Book Review: Aurora Rising

Aurora Rising has strong, classic science-fiction elements and borrows heavily from the Hitchhiker's Guide, Ender's Game, Star Trek, Star Wars and perhaps a bit of Firefly. The authors use the alternating perspective method, changing each chapter to a different character's point of view. With six crew members plus Aurora, it can be difficult to distinguish who's vantage point we are reading.

They're not the heroes we wanted. They're just the ones we could find.


The book reads quick with emphasis on action more than descriptions until the very end when emotion and mental imagery finally push to the front. Relationships are a key component and while romance and sexual tension are present, the relationships serve to define each character's uniqueness as contrasted with the others. A major theme of the book is the seemingly incompatible divergent cast forging together, becoming stronger through unity.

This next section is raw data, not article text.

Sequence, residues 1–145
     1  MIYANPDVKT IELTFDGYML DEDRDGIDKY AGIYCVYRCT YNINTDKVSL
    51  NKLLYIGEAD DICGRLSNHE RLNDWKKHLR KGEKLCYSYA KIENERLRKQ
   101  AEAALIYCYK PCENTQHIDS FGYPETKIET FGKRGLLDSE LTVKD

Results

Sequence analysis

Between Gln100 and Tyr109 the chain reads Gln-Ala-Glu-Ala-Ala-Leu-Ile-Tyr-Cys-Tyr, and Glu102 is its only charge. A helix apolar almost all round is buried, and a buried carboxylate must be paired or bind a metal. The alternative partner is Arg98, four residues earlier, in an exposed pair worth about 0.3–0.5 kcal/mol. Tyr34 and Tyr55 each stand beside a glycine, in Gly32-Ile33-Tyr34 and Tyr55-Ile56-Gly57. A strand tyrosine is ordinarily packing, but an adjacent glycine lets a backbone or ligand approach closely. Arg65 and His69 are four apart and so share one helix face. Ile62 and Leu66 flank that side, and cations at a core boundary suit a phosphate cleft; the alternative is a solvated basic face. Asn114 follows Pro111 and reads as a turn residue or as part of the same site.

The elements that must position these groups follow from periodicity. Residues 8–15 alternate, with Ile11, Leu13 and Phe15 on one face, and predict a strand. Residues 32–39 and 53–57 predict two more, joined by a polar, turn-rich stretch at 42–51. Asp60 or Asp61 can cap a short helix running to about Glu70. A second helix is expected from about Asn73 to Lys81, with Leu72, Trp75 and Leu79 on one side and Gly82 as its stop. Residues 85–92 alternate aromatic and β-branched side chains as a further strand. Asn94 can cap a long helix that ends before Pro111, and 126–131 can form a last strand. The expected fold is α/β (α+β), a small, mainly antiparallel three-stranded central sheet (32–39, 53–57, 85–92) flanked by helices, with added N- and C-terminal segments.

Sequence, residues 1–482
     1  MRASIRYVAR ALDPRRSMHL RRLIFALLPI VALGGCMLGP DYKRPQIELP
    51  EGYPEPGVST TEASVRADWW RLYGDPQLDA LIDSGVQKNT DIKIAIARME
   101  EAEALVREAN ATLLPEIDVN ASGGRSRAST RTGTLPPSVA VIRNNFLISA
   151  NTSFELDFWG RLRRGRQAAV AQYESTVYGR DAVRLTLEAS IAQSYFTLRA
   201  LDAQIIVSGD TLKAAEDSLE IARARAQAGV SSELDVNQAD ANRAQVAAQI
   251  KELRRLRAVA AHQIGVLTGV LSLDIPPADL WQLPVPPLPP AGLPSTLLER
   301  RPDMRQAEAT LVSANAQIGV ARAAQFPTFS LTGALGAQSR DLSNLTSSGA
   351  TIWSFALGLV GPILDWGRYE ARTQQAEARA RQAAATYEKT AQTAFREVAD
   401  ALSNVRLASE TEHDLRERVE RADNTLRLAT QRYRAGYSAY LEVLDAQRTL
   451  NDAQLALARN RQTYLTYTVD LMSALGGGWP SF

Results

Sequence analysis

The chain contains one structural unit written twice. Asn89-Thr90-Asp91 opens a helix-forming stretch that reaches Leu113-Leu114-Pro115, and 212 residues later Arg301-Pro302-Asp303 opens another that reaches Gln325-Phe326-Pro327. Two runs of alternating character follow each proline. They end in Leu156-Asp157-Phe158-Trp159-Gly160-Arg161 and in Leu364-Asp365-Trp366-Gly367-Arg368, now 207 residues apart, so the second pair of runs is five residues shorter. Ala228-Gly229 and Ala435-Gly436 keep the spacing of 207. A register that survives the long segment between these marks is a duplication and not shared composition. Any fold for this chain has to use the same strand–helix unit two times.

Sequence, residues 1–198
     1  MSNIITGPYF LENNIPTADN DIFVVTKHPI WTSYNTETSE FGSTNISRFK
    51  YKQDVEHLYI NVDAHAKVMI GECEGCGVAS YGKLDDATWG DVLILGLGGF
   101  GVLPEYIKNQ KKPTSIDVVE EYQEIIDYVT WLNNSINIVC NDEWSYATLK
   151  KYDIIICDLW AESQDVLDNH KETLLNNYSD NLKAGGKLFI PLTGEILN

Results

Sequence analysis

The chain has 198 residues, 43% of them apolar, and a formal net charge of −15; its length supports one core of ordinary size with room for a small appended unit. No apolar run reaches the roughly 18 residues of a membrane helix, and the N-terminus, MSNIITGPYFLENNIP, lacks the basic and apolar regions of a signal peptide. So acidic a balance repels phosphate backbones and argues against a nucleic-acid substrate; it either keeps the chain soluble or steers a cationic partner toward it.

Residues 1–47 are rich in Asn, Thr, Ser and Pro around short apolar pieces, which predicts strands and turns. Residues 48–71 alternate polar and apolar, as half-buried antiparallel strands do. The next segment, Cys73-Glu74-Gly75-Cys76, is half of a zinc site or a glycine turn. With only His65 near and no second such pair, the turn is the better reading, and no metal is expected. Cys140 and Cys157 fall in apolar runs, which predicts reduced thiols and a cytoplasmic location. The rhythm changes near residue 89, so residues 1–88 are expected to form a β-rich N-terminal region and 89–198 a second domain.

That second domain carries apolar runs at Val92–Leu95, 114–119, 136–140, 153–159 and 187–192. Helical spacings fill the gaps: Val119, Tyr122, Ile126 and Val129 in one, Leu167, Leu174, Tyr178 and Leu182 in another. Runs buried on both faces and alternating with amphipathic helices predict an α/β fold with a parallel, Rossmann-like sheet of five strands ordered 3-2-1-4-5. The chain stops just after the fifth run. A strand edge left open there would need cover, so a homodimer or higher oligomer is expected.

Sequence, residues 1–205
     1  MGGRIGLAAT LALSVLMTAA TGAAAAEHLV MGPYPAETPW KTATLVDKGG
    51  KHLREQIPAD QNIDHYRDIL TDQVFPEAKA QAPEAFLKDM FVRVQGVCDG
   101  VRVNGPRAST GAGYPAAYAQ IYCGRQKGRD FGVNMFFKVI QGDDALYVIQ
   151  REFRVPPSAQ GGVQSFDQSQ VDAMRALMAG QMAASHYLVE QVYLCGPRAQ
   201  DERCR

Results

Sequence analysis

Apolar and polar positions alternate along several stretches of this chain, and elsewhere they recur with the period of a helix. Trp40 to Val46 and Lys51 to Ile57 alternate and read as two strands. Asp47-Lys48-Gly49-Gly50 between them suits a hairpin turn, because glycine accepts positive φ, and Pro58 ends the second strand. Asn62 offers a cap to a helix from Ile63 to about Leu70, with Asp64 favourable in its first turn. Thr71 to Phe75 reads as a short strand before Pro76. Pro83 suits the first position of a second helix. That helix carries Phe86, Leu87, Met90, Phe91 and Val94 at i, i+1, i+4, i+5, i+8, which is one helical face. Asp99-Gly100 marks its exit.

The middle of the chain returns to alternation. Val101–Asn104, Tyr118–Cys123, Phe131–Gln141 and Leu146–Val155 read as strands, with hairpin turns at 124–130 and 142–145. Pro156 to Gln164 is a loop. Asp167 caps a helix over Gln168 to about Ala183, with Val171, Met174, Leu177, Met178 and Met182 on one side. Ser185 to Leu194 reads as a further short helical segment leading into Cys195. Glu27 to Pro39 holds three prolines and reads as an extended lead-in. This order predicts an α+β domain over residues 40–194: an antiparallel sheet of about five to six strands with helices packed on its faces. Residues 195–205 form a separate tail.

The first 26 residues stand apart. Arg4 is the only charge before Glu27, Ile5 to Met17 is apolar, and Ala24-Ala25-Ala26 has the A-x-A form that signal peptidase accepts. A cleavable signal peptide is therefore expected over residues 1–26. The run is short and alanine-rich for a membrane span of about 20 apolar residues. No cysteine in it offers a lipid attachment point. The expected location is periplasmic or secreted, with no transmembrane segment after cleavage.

There is a fair amount of mild swearing, some in alien languages but enough instances of strong language that parents should be aware. The book also mingles an evolutionary view of the universe's origins with an unexplained belief in a Maker. Religion, like other elements, serves only as a way to unify or distinguish the crew and does not try to comment on our current culture.

Faith is also a central theme but who or what is the author of that faith is never explored. Instead it becomes a blind faith in each other and that circumstances will somehow work out despite astronomical odds against success.